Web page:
Academic Senate Supports Revised Athletic Grant-in-Aid Proposal
By Paul K. Mueller | June 16, 2006
The UC San Diego Academic Senate, meeting for the
last time this academic year on June 8, expressed
support for a revised proposal that would allow a
majority of undergraduates to vote for – or
against -- an increase in student activity fees, which
would in turn fund athletic grants-in-aid for qualified
The motion to approve the revised proposal was preceded
by a detailed discussion of the original proposal
and UC San Diego’s history of involvement in
Division III, and then Division II, athletics, which
carry different NCAA obligations for athletic scholarships.
Division II schools must offer at least $250,000 in
annual student athlete grants-in-aid, for example.
UC San Diego’s one-year waiver from this rule
has expired, spurring campus groups to respond.
UCSD competes in 23 sports and has about 600 student
athletes. The 2005 intercollegiate athletic budget
was $2.7 million, of which $2.5 million came from
Before that senate business, Chair Jean-Bernard Minster, conducting his last meeting as chair, thanked colleagues for a productive session, and paid special compliments to the senate staff. “We come and go,” he said, speaking of chairs and committee members, “but they remain, and carry the vital institutional memory.”
The Academic Senate also approved nominations presented by the Committee on Faculty Research Lecturers, naming Ken Kaushansky and V.S. Ramachandran; approved enactment of regulations for the Master of Business Administration and Doctor of Audiology degrees; received the annual report of the Committee on Academic Personnel; and heard an explanation of the state budget process, and its effect on the UC system, from Professor Andrew Dickson (chair of the Committee of Planning and Budget).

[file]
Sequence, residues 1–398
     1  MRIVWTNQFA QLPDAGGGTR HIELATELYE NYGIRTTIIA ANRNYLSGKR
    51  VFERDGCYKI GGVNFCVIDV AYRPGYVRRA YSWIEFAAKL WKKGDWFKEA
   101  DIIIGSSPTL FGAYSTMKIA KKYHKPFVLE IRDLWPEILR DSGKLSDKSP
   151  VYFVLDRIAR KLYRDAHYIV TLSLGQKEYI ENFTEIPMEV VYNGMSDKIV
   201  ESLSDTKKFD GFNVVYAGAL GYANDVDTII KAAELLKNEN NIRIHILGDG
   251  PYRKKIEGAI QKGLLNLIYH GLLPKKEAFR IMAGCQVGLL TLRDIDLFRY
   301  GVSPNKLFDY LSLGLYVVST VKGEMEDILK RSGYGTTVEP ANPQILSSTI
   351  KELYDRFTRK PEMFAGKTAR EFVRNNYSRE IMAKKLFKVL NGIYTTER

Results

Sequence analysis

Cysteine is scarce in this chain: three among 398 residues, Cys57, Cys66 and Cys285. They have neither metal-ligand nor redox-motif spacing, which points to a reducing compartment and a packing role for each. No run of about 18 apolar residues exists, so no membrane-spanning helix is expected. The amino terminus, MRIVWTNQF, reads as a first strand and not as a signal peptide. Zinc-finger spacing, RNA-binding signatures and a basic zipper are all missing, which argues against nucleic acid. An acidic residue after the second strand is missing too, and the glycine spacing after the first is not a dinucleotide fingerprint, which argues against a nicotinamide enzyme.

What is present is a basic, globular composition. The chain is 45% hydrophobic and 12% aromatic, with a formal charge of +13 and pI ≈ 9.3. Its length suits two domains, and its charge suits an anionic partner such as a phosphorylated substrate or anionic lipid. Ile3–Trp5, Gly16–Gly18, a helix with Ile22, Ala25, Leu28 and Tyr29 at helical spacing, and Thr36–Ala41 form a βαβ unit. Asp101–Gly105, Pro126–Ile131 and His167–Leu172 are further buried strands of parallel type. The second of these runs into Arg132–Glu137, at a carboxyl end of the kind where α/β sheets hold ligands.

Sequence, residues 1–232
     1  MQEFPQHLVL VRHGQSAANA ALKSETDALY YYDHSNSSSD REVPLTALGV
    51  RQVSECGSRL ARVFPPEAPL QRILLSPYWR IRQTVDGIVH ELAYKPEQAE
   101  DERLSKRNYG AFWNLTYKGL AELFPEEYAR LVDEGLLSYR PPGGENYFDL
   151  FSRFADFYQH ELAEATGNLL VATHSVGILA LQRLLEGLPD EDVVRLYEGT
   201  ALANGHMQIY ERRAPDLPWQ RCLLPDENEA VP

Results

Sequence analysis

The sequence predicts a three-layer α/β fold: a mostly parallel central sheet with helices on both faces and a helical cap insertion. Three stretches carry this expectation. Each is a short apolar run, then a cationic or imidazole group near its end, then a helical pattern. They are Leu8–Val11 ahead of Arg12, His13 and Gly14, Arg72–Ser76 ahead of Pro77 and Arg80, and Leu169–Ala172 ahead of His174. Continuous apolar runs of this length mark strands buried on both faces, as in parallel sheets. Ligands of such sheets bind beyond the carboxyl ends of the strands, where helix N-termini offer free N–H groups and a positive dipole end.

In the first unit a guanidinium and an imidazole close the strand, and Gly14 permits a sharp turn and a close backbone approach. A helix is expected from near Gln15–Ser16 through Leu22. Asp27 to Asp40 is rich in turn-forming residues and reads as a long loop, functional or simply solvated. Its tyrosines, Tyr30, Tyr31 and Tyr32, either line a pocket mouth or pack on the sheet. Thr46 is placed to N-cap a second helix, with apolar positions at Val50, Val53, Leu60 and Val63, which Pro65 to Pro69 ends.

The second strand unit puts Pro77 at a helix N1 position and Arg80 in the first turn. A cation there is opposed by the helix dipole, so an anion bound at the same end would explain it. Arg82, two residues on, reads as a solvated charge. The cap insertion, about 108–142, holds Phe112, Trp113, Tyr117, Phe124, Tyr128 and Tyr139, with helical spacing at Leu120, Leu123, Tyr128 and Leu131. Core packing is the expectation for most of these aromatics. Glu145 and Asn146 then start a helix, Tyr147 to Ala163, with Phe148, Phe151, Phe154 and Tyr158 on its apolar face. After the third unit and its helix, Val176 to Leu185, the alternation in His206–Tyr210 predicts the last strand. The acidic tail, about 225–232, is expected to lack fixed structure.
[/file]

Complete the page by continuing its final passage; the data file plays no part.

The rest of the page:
Chancellor Marye Anne Fox addressed the assembly
early in the meeting, and remained to hear the senate’s
reports, discussions and votes. She spoke enthusiastically
about the recent Town Halls she’s conducted
with students and faculty (and the scheduled meeting
with staff on June 22 at Eucalyptus Point), and pointed
to the pressing issues raised at the meetings, including
environmental sustainability, fair trade, parking,
campus day-care, and faculty searches. She stressed
the importance of endowed chairs for attracting and
retaining the best faculty, and noted that the Chancellor’s
Endowed Chair Challenge has resulted in 17 faculty
chairs through June 1. She also gave updates on key
vice chancellor and dean searches; and was pleased
to report a $890 million mark, to date, in the university’s
billion-dollar capital campaign. She discussed ongoing
collaboration with the Los Alamos labs, and praised
Marsha Chandler, senior vice chancellor for academic
affairs, for her leadership in arranging more faculty-student
interaction and in addressing faculty diversity.
Before the Academic Senate adjourned its final meeting of the year, Chancellor Fox rose to ask for an expression of appreciation for Chair Minster, and the assembly enthusiastically obliged, applauding as he brought his gavel down, smiling broadly, for the last time in a busy session.